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September 23, 2014

Ebola's worst-case scenario? 1.4 million cases in four months, CDC says

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CDC on Tuesday released a report outlining the best- and worst- case scenarios for the Ebola outbreak that has already infected at least 5,800 people in West Africa.

The report includes only projections for Liberia and Sierra Leone and takes into account the fact that many cases have been unreported. The latest data from the World Health Organization show 5,843 confirmed cases of Ebola in Guinea, Liberia, and Sierra Leone and 2,803 deaths. CDC says the actual number of cases could be 2.5 times the number reported.

The CDC report does not include projections for Guinea, where the number of cases has fluctuated in ways that cannot be effectively modeled.

According to the CDC:

  • The best-case scenario. This model assumes that the dead are buried safely and that 70% of patients are treated in areas that reduce the risk of transmission. In this situation, CDC predicts that the epidemic would be "almost ended" in the two countries by Jan. 20. Currently, about 40% of patients in Sierra Leone and 18% of patients in Liberia receive care in such settings.
  • The worst-case scenario. This model assumes that trends will continue without a massive and immediate increase in the response to the outbreak and without changes in community behavior. In this situation, CDC predicts that 21,000 people would be infected in the two countries by Sept. 30 and 1.4 million would be infected by Jan. 20.

"My gut feeling is, the actions we're taking now are going to make that worst-case scenario not come to pass," says CDC Director Thomas Frieden, highlighting U.S. commitments to help contain the outbreak. He says the CDC does not take into account steps taken or planned by the international community since August. "We anticipate that these actions will slow the spread of the epidemic," he says.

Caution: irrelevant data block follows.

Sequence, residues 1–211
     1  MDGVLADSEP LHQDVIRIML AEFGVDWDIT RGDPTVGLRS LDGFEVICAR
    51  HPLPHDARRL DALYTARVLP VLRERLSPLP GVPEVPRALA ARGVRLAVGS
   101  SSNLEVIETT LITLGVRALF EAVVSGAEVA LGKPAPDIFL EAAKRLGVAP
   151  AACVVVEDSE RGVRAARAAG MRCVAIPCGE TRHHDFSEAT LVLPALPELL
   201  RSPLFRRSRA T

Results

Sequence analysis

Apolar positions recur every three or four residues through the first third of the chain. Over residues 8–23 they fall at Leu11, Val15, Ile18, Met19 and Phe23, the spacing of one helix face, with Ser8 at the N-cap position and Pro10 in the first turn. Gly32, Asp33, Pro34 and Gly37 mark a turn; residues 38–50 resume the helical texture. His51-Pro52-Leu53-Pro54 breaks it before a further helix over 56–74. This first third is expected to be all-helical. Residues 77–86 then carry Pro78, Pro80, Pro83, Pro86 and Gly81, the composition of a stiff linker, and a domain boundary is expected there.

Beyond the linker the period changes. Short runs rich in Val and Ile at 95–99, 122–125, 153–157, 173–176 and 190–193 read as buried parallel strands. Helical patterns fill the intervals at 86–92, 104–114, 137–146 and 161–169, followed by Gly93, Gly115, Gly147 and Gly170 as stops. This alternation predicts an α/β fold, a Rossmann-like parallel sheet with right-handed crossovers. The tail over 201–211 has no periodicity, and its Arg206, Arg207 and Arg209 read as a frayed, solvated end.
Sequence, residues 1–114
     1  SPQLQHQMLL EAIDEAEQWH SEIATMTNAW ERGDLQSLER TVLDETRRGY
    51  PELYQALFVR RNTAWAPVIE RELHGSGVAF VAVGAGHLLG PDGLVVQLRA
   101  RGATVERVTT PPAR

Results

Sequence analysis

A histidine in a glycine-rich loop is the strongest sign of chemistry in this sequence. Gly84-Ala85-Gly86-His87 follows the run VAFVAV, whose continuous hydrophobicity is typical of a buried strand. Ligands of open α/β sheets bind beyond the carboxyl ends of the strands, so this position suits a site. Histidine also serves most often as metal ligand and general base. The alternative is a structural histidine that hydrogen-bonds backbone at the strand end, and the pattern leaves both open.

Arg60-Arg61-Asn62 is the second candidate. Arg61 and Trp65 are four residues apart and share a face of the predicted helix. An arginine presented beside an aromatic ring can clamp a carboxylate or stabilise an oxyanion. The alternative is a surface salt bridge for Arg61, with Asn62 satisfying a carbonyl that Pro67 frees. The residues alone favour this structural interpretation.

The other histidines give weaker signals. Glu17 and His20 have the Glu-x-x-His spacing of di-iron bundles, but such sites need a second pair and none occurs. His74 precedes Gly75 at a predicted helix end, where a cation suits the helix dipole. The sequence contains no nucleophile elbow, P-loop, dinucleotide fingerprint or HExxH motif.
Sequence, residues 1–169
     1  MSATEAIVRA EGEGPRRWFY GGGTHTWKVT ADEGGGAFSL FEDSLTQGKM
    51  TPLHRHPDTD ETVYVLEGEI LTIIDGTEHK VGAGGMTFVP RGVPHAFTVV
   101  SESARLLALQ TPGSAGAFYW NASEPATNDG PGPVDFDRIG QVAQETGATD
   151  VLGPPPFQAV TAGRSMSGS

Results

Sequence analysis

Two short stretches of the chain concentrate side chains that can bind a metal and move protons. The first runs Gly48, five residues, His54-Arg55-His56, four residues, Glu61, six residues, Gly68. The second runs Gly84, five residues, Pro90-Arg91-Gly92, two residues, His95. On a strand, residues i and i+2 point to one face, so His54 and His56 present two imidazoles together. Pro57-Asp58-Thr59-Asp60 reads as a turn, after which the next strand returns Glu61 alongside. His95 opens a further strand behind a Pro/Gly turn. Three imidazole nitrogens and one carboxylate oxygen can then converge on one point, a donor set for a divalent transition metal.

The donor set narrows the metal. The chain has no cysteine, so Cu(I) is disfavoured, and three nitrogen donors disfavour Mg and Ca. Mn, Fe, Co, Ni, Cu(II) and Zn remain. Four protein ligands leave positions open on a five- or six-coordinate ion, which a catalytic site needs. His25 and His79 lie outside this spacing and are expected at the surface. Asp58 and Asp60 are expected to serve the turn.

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However, Frieden says, "it’s important to understand that it could happen."

The CDC estimates are based on a tool developed to update outbreak projections as the situation evolves and help planned containment efforts.

Meanwhile, WHO—which last month estimated that the outbreak could reach 20,000 cases before being contained—published its own revised estimates on Monday.

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Now, the global health agency projects 20,000 cases by Nov. 2 if containment efforts do not improve. Although the estimate is far smaller than the new CDC projection, the agency says that many cases are unreported and that—without effective aid—the three most-affected nations could soon have thousands of new cases and deaths each week.

The WHO report, published in NEJM, finds that the fatality rate of the current outbreak is 71%. However, the scope of the outbreak is not a result of the virulence of the outbreak, but rather it appears "likely to be a result of the combination of dysfunctional health systems, international indifference, high population mobility, local customs, densely populated capitals, and lack of trust in authorities after years of armed conflict," according to the report.

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WHO for the first time has raised the possibility that Ebola could become endemic in West Africa, meaning that it becomes a constant presence in the area. CDC has not addressed the possibility, but it is a scenario that health experts have feared since the outbreak began, according to the New York Times.

In another WHO report, the organization said that 337 health workers have contracted Ebola while caring for infected patients, and 181 of those workers have died (Grady, New York Times, 9/23; Sun, Washington Post, 9/23; Smith-Spark/Falco, CNN, 9/23).

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